The following are the most significant changes to the status quo proposed by the Union in this article: (1) permitting part-time employees who work 6 hours to forego meal periods, and requiring employees who are not scheduled to work, but come in at the Employer’s request, to receive a meal period under certain conditions; (2) specifying that break periods are in addition to any meal periods authorized under previous sections, and providing 15-minute breaks every 2 hours to, for example, intermittent and on-call employees; (3) adding "permanent" to wording in the expired MLA referring to fixed schedules for full-time employees; (4) requiring local negotiations over changes to the current number of fixed schedules for part-time employees, and changes to individual employee work schedules, "if such change involves days off or impacts premium pay of an employee, or, for a part-time employee, impacts the number of hours of work;" (5) requiring local negotiations or the application of bidding procedures if a schedule change lasts more than 2 weeks or changes a starting time by more than 1 hour; (6) subjecting changes to the work schedules of temporary employees involving days off, or a difference in the number of hours, to the bidding procedure it proposes elsewhere in the article; (7) requiring the Employer to comply with 5 C.F.R. § 340.403(a) regarding the appropriate use of intermittent work schedules; (8) adding reference to an agency-wide regulation to ensure that employees receive proper service credit when work requirements dictate the need for additional hours to be worked on a workday; and (9) requiring negotiations over the granting of administrative leave for part-time employees prevented from working due to an in-lieu-of holiday.

    Many of the provisions the Union is proposing are similar, if not identical, to what is contained in the expired MLA article, and the Employer has not demonstrated the need to change them. As to the issue of the scheduling of part-time employees, the Union’s language "is a mechanism that provides the Employer the flexibility to make temporary changes without the administratively burdensome process" proposed by the Employer. It should be adopted because it "provides employees with a degree of stability and ability to know when they will work," and preserves bargaining only in "limited circumstances" where "only the local Parties can adequately address the issues at their work site." The wording the Union would add to the section on meal periods in the expired MLA "addresses a concern raised by the Employer" by providing employees who work 6 hours a day the opportunity to forego the meal period, with supervisory approval. It also proposes new wording "to protect employees who have no work schedules" by granting them a meal period "at approximately what would be the mid-point of a full 8-hour day." The Union would include references consistent with applicable Government-wide regulations and DeCA directives to inform employees and supervisors of what must be done to ensure employees "receive the service credit they are entitled to."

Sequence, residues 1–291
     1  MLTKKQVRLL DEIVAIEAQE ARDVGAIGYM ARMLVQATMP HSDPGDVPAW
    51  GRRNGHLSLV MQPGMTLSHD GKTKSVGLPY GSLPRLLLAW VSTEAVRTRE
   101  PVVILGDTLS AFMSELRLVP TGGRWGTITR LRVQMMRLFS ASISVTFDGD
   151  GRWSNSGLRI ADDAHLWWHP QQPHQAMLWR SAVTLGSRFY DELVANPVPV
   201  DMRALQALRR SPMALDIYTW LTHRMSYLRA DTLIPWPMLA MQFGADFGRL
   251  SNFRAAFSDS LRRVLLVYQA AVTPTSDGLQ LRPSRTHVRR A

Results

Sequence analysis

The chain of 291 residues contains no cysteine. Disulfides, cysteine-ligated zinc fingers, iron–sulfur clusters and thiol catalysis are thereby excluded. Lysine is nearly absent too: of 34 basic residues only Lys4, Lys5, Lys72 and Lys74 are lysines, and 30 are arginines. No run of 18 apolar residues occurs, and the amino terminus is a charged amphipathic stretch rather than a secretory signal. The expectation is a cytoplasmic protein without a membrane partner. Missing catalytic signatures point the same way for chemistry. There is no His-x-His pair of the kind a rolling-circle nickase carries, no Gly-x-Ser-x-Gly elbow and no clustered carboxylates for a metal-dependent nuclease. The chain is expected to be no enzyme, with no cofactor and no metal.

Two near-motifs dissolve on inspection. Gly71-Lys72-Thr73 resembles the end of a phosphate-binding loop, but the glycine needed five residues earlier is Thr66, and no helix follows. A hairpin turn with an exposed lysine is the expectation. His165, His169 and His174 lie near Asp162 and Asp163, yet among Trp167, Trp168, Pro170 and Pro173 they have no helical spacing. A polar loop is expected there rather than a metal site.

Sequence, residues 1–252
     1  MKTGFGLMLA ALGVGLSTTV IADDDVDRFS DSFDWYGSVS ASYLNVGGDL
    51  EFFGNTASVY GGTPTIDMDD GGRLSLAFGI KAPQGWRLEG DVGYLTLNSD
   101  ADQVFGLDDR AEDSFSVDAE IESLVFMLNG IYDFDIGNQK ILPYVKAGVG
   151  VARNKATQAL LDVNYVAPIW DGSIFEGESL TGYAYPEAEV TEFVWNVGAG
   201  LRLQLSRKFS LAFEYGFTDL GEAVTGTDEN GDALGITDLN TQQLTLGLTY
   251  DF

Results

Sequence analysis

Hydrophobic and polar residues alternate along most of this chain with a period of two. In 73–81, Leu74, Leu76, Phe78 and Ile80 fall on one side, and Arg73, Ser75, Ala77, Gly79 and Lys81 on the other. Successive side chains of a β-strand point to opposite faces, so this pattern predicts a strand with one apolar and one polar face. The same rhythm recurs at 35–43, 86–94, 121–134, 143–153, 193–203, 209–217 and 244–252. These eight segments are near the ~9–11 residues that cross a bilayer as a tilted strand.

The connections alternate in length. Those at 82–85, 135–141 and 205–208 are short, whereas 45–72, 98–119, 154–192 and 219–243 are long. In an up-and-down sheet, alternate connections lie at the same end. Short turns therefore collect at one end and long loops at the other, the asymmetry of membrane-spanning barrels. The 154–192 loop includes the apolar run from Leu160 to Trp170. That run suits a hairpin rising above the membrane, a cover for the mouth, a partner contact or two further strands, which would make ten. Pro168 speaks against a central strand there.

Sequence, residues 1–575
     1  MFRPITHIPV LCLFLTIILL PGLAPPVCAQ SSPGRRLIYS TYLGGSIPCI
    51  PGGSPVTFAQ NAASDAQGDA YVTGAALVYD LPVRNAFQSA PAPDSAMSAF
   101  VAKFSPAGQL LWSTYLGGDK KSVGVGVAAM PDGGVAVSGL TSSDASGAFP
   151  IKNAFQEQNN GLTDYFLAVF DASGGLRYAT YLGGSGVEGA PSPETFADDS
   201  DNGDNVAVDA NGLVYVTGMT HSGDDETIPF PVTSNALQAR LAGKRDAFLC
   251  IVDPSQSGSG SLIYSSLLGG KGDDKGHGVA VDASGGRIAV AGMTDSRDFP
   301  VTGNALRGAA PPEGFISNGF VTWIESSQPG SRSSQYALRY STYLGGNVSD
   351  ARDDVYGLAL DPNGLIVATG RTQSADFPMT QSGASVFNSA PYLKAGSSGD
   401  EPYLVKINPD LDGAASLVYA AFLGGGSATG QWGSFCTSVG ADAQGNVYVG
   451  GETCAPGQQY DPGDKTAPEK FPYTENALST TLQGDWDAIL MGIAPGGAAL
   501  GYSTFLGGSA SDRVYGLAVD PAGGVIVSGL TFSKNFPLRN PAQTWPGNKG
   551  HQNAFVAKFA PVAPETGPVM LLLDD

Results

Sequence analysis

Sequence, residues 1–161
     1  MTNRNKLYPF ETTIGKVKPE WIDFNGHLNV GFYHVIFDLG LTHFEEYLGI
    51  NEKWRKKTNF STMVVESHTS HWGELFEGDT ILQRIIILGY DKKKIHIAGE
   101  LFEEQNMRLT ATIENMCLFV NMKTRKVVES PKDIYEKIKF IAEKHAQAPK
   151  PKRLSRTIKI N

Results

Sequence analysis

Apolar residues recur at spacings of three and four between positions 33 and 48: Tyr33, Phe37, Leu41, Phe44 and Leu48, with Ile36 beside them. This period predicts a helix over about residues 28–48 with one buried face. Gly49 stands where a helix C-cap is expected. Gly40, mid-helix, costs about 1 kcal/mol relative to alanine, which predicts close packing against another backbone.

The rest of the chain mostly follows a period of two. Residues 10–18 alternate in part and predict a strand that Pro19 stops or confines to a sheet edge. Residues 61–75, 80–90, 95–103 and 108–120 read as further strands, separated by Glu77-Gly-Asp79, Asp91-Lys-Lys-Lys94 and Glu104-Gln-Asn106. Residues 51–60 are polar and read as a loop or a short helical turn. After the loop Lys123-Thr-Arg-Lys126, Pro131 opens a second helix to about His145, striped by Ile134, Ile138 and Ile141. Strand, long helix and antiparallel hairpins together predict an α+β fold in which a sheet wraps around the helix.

The Employer proposes to terminate the use of "equitable" processes in the assignment of holiday work and overtime that "eliminate for certain employees the opportunity to observe any legal holidays, and would block other employees who prefer to work holidays from doing so." In neither case has the Employer shown a programmatic or policy reason to change the status quo. Finally, the Union is proposing one change to the section on holidays "to provide options for part-time employees who are prevented from working as they normally would because of a holiday." Under its approach, there could be negotiations on a holiday-by-holiday basis to make administrative leave available. Other available solutions to make employees whole would not require negotiations, and would allow the Employer to determine what its needs are, and "whether rescheduling was a viable option or not."

CONCLUSIONS

    After thoroughly reviewing the parties’ final offers on the Hours of Work article, we find that neither side has fully demonstrated the need for the numerous changes to the status quo being proposed. For this reason, the Panel shall impose compromise wording using the expired MLA article as a foundation, but which adopts those items that are not in dispute, and other minor changes that we believe are justified by the record. On the key issues over which the parties disagree, however, the compromise contains the following: (1) the additional wording proposed by the Employer subjecting employees’ receipt of two consecutive days off to "workload requirements;" (2) a modified version of the Union’s proposal permitting part-time employees who work 6 hours to forego non-paid lunch periods, but which requires that such decisions be made at the start of each pay period, and remain in effect for the entire pay period; and (3) a modified version of the Employer’s proposal regarding the circumstances under which management would be required to negotiate mid-term changes to work schedules.